How close are today’s pre-retirees to being retirement ready? While there is still work to be done, the answer is closer than we might have expected. That’s the good news from a recent analysis by BlackRock and the Employee Benefit Research Institute (EBRI). The less-than-good news is that U.S. workers closest to retirement, and with the least amount of time left to bulk up their savings, are the ones who have the most work to do.
Here is how we examined the question of retirement readiness. According to many financial advisors, you will need to replace about 80% of your income in retirement1. Many Americans have two primary sources of retirement income, Social Security and retirement savings, usually in 401(k) plans and individual retirement accounts (IRAs). We focused on people in their last decade before the traditional retirement age of 65 to find out if those sources should be enough. And if not, how large is the gap?
We worked with EBRI to determine the median income for U.S. workers currently ages 55, 60 and 64. We then used those numbers to estimate their Social Security retirement benefits at what’s known as their “full retirement age.” Next, we collected the median retirement savings balances of people the same ages who have 401(k) accounts and IRAs in EBRI’s extensive database. Then, we used the BlackRock CoRITM Retirement Indexes to estimate the retirement income that those savings could provide. We introduced the CoRI Retirement Indexes a year ago specifically to help pre-retirees estimate the future income potential of their savings.
We found that the median 55-year-old is already on track to replace 69% of his pre-retirement income. But there is still a 14% gap that median worker needs to close to reach the goal of replacing 80% of pre-retirement income. And the gaps are wider for older pre-retirees. The results are shown in these three pie charts:
Sizing Up The Gap
Percentage of investors’ retirement-income goal estimated to be replaced by income from savings and Social Security, along with the gap, at different ages. All retirement income estimates use a scenario that assumes the median 401(k) and IRA savings of a U.S. investor in each age group, the Social Security payment estimated for the median income for each age group, and age-appropriate CoRI Retirement Index levels as of June 30, 2014. Retirement income goal is 80% of pre-retirement income, a figure commonly referenced by financial planners and reflected in Aon Hewitt’s 2008 Replacement Ratio Study. Retirement is assumed to begin at age 65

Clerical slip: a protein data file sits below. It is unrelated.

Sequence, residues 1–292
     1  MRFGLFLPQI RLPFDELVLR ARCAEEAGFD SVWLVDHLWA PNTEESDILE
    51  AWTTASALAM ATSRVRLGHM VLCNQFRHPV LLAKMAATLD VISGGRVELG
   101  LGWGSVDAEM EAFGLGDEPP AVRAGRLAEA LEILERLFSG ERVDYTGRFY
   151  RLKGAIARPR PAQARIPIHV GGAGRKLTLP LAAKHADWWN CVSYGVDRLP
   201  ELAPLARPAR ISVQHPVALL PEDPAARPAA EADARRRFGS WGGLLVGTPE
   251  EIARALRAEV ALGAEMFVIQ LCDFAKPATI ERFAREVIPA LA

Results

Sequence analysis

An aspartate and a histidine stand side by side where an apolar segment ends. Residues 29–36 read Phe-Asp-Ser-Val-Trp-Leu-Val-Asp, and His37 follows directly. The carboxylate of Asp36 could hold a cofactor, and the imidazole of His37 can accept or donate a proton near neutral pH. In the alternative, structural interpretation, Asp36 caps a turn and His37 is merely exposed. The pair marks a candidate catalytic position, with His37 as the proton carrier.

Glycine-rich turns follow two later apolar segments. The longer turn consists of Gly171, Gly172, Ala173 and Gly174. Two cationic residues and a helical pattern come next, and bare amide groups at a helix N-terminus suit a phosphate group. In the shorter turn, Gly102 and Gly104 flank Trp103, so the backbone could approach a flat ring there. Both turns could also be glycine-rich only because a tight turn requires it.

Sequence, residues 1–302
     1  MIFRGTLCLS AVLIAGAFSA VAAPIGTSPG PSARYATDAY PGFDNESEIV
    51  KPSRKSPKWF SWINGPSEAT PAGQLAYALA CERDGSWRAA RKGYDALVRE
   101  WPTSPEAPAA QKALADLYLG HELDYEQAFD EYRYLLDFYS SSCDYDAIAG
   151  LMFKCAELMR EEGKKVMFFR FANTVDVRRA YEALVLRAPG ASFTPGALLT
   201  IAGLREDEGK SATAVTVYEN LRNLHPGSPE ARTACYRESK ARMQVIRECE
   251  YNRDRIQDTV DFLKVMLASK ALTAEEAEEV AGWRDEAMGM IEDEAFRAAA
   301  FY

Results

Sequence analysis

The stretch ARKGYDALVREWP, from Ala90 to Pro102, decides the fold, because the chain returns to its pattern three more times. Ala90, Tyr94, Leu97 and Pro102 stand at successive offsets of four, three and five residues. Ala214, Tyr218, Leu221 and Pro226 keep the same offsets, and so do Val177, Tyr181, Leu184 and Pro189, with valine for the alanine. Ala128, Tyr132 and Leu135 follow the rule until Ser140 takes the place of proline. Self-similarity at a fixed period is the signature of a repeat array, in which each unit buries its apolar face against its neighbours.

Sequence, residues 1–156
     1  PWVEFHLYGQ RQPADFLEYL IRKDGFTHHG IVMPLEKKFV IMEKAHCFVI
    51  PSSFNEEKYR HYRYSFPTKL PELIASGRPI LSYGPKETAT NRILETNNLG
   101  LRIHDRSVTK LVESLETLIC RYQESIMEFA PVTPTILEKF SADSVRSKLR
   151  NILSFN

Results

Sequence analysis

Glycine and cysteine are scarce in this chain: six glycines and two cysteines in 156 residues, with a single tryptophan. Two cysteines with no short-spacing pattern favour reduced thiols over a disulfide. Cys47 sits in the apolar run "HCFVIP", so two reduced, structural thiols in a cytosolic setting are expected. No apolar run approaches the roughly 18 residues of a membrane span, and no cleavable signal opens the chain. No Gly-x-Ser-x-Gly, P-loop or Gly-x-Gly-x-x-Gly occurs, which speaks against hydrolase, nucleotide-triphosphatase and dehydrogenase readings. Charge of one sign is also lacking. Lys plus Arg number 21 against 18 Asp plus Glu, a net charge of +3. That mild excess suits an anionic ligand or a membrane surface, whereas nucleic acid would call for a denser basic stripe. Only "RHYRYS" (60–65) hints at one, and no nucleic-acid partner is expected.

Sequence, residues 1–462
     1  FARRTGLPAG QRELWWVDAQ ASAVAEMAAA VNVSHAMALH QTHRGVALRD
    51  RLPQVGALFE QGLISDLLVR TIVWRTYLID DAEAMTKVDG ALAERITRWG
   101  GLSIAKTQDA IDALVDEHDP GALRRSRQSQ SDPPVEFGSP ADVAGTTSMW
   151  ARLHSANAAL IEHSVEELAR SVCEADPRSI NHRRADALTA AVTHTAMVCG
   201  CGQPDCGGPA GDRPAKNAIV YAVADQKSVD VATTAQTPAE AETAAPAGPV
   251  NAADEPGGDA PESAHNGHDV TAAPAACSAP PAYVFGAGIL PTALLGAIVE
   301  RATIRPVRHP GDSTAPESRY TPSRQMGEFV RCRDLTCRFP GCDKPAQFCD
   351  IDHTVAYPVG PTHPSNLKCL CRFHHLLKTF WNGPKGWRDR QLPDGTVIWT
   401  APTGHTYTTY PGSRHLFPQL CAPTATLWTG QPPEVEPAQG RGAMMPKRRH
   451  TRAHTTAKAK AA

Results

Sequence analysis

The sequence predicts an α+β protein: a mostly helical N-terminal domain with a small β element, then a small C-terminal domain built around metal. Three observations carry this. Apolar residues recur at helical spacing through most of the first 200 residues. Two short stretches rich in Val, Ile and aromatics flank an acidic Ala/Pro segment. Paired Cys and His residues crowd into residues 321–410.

The fact that the median 55-year-old is already on track to replace 69% of pre-retirement income is good news, especially since younger pre-retirees should have more time to increase contributions and improve their position. But the 26% gap that the median 64-year-old faces to replace 80% of pre-retirement income is more daunting. And for workers who expect to make up at least some of the difference by staying on the job past age 65, it’s important to note that EBRI’s 2014 Retirement Confidence Survey has found that 49% of retirees left their jobs earlier than they had planned.
One potential mitigating circumstance is that workers in their 60s are far more likely to receive some sort of traditional pension to supplement their retirement. A more detailed review can be found in our first CoRI Retirement Indexes Analysis.
Cost of Future Income Has Risen It’s worth noting that in the year since we began tracking the cost of future retirement income, the estimated cost of income has increased. For someone age 55, for example, every $1 of lifetime retirement income was estimated to cost $14.09 as of June 30 – a 7.15% increase from what that same income would have cost a 55-year-old a year ago.